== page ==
First Nations LNG Alliance Newsletter – April 22, 2021


LNG and the Haisla: Much more than jobs

The coronavirus pandemic has thrown more than a few crimps into work and hiring along the Coastal GasLink pipeline route, and at the LNG Canada site at Kitimat.

But CGL expects soon to have some 3,000 people on the job — and employment is still the Number One benefit that the Haisla Nation has received from the LNG projects.

“The biggest thing is jobs,” says Crystal Smith, elected chief councillor.

But the Haisla have also launched and maintained a variety of thriving education and social programs: language, mental health services, housing, and more.

Read more, and watch Ashley Studley’s video

UNDRIP law speeds up in Ottawa

Cree Chief Wilton Littlechild was one of the Indigenous leaders who pressed the federal government to push Bill C-15, Canada’s UNDRIP law, through Parliament quickly.

He expressed cautious optimism on C-15, but “I have to withhold my emotion and my horse races inside me until I hear the words ‘royal assent.’”

Another leader was Perry Bellegarde, national chief of the Assembly of First Nations, who told MPs: “It is important for First Nations, and I believe it is important for all Canadians, to seize this opportunity now. We need to hear the words ‘royal assent’ before the end of June.”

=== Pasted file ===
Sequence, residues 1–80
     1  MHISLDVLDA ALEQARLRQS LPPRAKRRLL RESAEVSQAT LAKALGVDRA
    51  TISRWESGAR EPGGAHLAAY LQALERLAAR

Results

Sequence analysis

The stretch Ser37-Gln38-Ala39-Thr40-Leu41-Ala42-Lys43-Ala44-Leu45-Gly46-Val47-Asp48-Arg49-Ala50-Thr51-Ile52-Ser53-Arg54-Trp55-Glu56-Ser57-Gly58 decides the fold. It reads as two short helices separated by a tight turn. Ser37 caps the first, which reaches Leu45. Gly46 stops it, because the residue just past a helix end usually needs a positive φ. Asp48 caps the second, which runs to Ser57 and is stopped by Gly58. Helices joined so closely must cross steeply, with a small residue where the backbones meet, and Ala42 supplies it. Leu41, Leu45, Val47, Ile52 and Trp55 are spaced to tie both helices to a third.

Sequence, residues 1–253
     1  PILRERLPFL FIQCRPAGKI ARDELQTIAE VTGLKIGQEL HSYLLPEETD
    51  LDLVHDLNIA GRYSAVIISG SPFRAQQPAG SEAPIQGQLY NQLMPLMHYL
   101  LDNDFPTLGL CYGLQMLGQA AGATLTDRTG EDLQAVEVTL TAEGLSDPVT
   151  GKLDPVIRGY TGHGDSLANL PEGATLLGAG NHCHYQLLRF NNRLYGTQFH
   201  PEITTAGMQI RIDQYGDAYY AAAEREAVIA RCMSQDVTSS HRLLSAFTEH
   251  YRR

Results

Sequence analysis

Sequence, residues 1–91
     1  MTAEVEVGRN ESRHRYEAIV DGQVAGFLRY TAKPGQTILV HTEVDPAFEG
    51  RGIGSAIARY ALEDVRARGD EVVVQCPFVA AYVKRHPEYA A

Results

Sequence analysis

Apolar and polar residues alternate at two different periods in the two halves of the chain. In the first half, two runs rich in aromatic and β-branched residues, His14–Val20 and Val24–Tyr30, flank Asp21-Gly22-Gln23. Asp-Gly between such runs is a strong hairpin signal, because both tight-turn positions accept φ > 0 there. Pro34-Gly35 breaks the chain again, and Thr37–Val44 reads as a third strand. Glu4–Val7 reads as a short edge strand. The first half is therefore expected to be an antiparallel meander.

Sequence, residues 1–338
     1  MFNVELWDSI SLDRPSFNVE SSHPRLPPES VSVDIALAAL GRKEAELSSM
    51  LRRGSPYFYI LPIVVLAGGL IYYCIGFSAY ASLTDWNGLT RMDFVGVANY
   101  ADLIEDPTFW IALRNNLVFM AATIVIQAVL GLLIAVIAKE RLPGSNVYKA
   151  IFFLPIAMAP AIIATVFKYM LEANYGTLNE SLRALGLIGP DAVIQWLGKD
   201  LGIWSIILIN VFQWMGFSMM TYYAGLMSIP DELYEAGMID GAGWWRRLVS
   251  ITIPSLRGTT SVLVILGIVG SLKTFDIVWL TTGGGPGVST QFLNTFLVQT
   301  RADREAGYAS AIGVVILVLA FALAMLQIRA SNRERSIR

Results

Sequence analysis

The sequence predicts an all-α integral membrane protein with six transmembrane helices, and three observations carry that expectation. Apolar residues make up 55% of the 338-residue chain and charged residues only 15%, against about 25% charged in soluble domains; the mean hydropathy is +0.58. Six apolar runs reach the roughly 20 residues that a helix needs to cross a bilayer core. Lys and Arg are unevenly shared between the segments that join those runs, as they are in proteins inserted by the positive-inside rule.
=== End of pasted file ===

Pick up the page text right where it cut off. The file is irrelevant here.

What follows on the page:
The outcome: The government put a time-limit on debate in the House so that the bill could move speedily to a committee for further scrutiny.

Read more

First Nations need access to capital

Mark Podlasly of the First Nations Major Projects Coalition has been making the news as a champion for the rightful role of First Nations in the “mainstream economy.”
To begin with, he says, they need access to capital to invest in projects in their territories, and to build true equity.

“Ottawa needs right now to move on access to capital for major projects. There needs to be some mechanisms that allow Indigenous people access to capital at a reasonable rate, to make investments in the economy. . . .

“First Nations can’t participate in the mainstream economy without the ability and the tools that private enterprise and private citizens have. Those investments are important because they will generate own-source revenue for communities, for nations, to make their own self-determination decisions.”

Read more

First Nations LNG Alliance Newsletter